Property insurance companies should review their practices with respect to depreciation in California following a new class action lawsuit filed against Farmers Insurance Company in Los Angeles Superior Court. It looks like this case may remain in the state court because the defendants are California companies and the class is limited to California residents.
The complaint (I don’t have a link to it but e-mail me if you would like a copy) focuses on a California statute enacted in 2004, which defined actual cash value, for a partial loss to a structure, or loss to contents, as follows:
In case of a partial loss to the structure, or loss to its contents, [actual cash value is] the amount it would cost the insured to repair, rebuild, or replace the thing lost or injured less a fair and reasonable deduction for physical depreciation based upon its condition at the time of the injury or the policy limit, whichever is less. In case of a partial loss to the structure, a deduction for physical depreciation shall apply only to components of a structure that are normally subject to repair and replacement during the useful life of that structure.
Cal. Ins. Code § 2051(b) (emphasis added). The plaintiff’s theory is that “physical depreciation” based on the “condition” of property should be limited to “actual wear and tear,” and cannot be based on the age or obsolescence of a building component or contents item. (But isn’t age part of “condition”?) The plaintiff claims that Farmers calculated depreciation based only on the age of items on a “straight line” method. The plaintiff alleges that Farmers could not have evaluated the “condition” of contents items because it never inspected them and relied only on a proof of loss submitted by the plaintiff. The plaintiff also claims that Farmers applied depreciation to items that are not “subject to repair or replacement during the useful life of th[e] structure.”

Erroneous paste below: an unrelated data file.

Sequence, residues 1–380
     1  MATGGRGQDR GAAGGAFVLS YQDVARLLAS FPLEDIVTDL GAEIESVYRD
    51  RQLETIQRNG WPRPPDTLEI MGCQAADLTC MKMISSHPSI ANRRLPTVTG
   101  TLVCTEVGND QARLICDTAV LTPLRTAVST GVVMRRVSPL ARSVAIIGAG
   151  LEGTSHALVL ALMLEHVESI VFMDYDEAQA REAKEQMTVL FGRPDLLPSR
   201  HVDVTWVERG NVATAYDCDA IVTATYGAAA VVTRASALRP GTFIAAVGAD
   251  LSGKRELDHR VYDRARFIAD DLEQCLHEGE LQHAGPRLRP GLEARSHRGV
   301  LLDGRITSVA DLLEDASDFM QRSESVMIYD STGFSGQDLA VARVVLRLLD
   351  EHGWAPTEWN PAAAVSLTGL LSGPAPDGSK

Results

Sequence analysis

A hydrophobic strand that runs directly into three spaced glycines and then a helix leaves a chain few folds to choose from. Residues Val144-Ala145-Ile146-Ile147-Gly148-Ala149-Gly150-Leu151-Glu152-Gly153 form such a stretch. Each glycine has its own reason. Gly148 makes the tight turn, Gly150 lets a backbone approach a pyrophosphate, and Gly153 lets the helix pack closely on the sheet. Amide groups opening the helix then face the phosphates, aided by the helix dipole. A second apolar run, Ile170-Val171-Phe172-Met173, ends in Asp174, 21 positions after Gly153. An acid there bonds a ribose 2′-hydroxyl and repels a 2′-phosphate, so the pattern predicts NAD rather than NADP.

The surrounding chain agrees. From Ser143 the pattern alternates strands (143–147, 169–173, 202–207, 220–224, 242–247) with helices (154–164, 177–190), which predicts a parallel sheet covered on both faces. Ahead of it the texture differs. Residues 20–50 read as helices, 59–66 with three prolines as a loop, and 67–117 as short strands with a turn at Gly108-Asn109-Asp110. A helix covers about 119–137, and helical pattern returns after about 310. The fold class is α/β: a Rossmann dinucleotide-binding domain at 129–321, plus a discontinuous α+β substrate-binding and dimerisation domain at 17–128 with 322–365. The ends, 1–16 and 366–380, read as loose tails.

The complaint also focuses on a California Department of Insurance regulation providing as follows:
When the amount claimed is adjusted because of betterment, depreciation, or salvage, all justification for the adjustment shall be contained in the claim file. Any adjustments shall be discernable, measurable, itemized, and specified as to dollar amount, and shall accurately reflect the value of the betterment, depreciation, or salvage. Any adjustments for betterment or depreciation shall reflect a measurable difference in market value attributable to the condition and age of the property and apply only to property normally subject to repair and replacement during the useful life of the property. The basis for any adjustment shall be fully explained to the claimant in writing.
10 C.C.R. § 2695.9(f) (emphasis added). It is interesting that the regulation states that insurers may take into account the “age of the property,” contrary to other allegations made in the complaint.
California’s statutes and regulations governing depreciation in this respect are relatively unique. I’m aware of one prior putative class action that involved similar issues. Although these issues might not have any legs as a basis for a class action if the case reaches the class certification stage (the statutes and regulations plainly require an individualized, claim-by-claim analysis), property insurers would be wise to carefully review how their adjusters are handling depreciation in California.